Rita Allen Foundation Supports UC Berkley Research Findings that Could Improve Diagnosis, Treatment of Depression
Researchers at the University of California, Berkeley, have identified biomarkers — genes and specific brain circuits in mice — associated with a common symptom of depression: lack of motivation.
The finding could guide research to find new ways to diagnose and potentially treat individuals suffering from lack of motivation and bring closer the day of precision medicine for psychiatric disorders like depression.
Depression is the most prevalent mental health disorder in the world, affecting around 9% of the American population each year, and is among the top causes of disability in the workplace. Depression symptoms can differ significantly between patients who have the same depression diagnosis, and the lack of a connection between symptoms and treatments is a main reason that about half of all people with depression fail to respond to medication or other therapies, and that side effects of these medications are common.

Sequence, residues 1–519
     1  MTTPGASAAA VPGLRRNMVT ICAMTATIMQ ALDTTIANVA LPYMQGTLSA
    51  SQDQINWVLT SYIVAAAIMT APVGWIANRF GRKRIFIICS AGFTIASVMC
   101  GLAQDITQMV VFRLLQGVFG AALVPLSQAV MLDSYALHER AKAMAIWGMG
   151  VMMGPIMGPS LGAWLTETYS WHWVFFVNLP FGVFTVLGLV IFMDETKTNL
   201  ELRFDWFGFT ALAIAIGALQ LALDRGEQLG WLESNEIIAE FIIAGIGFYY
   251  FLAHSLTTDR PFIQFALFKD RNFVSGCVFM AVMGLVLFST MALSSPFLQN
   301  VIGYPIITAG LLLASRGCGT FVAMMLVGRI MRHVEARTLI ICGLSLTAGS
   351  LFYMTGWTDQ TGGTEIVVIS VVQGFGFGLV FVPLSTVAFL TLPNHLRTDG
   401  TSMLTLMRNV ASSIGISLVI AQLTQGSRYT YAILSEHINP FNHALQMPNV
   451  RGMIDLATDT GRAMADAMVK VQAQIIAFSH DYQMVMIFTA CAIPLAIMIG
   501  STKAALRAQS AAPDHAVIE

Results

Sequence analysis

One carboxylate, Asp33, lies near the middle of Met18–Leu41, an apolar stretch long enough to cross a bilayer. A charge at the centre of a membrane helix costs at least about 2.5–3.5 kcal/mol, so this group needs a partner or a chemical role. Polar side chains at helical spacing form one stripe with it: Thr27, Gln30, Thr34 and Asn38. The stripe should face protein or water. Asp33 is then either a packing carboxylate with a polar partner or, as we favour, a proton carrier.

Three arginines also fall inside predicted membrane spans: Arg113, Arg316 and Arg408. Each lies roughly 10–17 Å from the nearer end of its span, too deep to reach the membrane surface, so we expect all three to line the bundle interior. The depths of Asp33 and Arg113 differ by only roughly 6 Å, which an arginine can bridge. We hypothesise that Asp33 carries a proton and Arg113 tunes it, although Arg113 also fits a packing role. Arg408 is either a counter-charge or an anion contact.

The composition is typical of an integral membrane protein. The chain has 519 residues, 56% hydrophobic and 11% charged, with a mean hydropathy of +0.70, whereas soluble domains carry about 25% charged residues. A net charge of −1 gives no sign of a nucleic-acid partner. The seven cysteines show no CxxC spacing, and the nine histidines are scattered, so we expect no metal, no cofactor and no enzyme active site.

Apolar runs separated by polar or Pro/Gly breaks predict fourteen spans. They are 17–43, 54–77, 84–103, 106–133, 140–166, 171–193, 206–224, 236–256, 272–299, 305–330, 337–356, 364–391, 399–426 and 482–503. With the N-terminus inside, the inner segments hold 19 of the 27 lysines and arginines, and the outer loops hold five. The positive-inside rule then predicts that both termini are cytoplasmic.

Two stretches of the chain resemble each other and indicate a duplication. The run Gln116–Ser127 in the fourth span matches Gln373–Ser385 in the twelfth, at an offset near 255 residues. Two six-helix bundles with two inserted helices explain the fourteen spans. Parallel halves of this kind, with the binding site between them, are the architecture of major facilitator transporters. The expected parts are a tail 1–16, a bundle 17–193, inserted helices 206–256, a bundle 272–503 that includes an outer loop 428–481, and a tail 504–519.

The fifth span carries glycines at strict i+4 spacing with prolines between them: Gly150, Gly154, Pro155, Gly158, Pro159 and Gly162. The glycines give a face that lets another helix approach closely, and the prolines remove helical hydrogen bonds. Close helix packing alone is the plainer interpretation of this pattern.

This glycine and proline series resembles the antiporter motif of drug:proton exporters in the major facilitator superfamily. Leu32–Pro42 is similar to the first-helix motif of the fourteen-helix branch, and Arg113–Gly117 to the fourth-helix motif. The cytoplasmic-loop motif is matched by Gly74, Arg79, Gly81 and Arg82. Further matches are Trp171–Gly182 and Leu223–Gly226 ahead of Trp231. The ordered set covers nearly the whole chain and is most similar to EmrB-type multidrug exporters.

“If we had a biomarker for specific symptoms of depression, we simply could do a blood test or image the brain and then identify the appropriate medication for that patient,” said Stephan Lammel, a UC Berkeley assistant professor of molecular and cell biology. “That would be the ideal case, but we are far away from that situation right now.”
Now, for the first time, Lammel and his team have identified genes in a brain region — the lateral habenula — that are strongly turned on, or upregulated, in mice that show reduced motivation as a result of chronic stress. This brain region in mice is not associated with other depression symptoms, including anxiety and anhedonia, the inability to feel pleasure...